Tuesday, February 26, 2013

goodnight, puppies

It's an absolutely gorgeous night out.  If I weren't sure I'd get eaten by mosquitos, I'd go sit on the porch for the night.  Not that I'd stay awake for long.  But the sky is that midnight blue, the stars are out and I can see Orion right overhead, and the moon is clear and full. 

The puppies, however, don't seem to have much appreciation for the night sky.  They've found a spot by the back step under the porch light where they can curl up in a little pile.  When I came out the door with the trash tonight, five little heads popped up inquisitively.  "Adorable" doesn't begin to cover it.

Oh. Yes.  Sad to say, only five now.  We lost one this weekend, unfortunately. 

I sang them "Goodnight, puppies" on my way inside. 

Monday, February 25, 2013

Did you feel that?

Well, the texts and phone calls were flying in Port-au-Prince tonight.  However, I missed all the excitement, I guess.  Did I feel that shake?  No, I didn't.  Not at all. No running to the streets that I could hear in my neighborhood, either.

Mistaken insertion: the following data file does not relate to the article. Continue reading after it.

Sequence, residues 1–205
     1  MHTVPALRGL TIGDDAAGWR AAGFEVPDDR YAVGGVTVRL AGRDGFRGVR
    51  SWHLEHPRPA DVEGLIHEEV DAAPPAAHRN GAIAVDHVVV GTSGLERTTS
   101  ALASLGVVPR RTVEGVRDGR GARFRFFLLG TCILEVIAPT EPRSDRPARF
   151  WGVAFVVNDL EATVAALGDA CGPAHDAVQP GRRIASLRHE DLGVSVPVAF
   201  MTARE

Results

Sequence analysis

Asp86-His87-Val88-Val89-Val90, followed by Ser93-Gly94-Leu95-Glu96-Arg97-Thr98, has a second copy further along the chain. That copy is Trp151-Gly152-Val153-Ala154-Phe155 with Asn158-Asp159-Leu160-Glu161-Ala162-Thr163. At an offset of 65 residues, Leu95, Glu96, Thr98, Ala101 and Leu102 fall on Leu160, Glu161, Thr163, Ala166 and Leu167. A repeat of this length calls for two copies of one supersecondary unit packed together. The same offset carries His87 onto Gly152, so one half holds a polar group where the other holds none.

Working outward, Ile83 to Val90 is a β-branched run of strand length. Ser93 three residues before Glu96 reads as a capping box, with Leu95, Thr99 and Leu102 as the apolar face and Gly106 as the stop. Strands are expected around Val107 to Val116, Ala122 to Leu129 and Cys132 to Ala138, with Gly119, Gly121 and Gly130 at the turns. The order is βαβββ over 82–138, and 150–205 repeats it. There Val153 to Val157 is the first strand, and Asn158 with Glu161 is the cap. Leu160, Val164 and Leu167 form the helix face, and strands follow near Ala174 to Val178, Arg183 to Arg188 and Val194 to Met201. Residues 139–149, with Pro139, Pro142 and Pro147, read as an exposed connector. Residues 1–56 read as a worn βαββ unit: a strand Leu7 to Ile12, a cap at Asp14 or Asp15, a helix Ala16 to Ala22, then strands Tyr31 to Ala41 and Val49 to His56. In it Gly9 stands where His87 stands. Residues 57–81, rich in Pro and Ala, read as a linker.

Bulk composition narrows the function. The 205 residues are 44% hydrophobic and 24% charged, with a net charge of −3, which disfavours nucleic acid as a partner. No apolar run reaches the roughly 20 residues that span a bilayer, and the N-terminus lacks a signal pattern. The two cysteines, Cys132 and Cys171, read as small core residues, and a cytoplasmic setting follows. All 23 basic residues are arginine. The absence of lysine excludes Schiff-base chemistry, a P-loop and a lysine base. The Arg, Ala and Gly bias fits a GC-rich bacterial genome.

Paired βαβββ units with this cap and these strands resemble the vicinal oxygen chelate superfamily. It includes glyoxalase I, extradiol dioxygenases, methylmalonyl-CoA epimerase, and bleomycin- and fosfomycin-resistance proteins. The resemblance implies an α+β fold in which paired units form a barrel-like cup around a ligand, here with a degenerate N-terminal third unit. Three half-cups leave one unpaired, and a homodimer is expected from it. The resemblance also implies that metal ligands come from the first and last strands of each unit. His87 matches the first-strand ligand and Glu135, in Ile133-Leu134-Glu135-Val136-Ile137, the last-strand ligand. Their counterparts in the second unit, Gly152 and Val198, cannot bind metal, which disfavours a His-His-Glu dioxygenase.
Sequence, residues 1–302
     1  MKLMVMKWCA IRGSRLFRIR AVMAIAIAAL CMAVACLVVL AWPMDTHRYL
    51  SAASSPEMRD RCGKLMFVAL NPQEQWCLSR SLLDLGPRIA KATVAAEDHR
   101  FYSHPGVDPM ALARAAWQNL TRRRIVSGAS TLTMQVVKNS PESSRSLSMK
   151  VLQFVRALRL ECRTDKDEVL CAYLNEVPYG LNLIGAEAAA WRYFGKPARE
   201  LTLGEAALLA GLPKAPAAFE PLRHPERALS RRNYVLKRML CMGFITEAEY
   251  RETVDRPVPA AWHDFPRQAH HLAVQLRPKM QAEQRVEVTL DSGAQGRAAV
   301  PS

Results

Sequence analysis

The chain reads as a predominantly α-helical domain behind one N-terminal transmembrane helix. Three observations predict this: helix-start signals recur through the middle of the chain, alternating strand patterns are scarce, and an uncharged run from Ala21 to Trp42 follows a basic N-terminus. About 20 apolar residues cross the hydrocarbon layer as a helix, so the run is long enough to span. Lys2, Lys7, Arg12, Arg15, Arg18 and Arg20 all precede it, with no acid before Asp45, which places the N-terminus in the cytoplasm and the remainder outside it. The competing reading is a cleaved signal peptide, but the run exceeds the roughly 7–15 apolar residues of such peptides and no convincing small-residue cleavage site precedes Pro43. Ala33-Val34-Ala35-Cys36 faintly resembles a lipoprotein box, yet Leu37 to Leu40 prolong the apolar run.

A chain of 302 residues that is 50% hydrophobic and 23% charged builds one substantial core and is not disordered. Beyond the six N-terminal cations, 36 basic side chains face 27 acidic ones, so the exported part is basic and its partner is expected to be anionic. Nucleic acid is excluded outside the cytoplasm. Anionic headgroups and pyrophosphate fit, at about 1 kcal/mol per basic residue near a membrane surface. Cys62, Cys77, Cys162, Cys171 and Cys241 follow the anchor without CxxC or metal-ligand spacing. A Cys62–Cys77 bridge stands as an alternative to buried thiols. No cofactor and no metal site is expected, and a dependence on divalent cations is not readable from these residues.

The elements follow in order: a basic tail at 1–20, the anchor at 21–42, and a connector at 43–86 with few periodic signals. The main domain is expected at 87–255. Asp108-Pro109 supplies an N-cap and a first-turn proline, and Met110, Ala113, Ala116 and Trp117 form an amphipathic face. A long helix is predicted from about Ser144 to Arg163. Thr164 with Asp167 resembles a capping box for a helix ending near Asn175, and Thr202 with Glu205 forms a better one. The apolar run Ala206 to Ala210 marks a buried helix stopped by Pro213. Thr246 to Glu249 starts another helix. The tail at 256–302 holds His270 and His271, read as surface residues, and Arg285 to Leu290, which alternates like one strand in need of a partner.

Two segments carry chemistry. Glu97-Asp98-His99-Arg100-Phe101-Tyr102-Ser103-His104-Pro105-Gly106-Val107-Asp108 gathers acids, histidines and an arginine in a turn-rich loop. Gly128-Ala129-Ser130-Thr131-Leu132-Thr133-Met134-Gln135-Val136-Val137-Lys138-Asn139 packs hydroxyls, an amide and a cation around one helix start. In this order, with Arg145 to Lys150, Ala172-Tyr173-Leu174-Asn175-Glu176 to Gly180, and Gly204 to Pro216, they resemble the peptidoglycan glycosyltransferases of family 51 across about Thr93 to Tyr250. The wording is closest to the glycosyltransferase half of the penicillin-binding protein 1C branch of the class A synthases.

I can't imagine it will make the news any more than the little blurb here:
I checked a local tv/radio station website as well and found a brief article entitled "Faible séisme de 3.5, panique à Port-au-Prince" http://www.radiotelevisioncaraibes.com/nouvelles/haiti/faible_s_isme_de_3_5_panique_port-au-prince.html

I have no doubt, however, that it will be a common topic of conversation tomorrow. There are still many here for whom this is all too live an issue. Perhaps for most here, even.  I'd be willing to bet there are still quite a number of people with significant PTSD.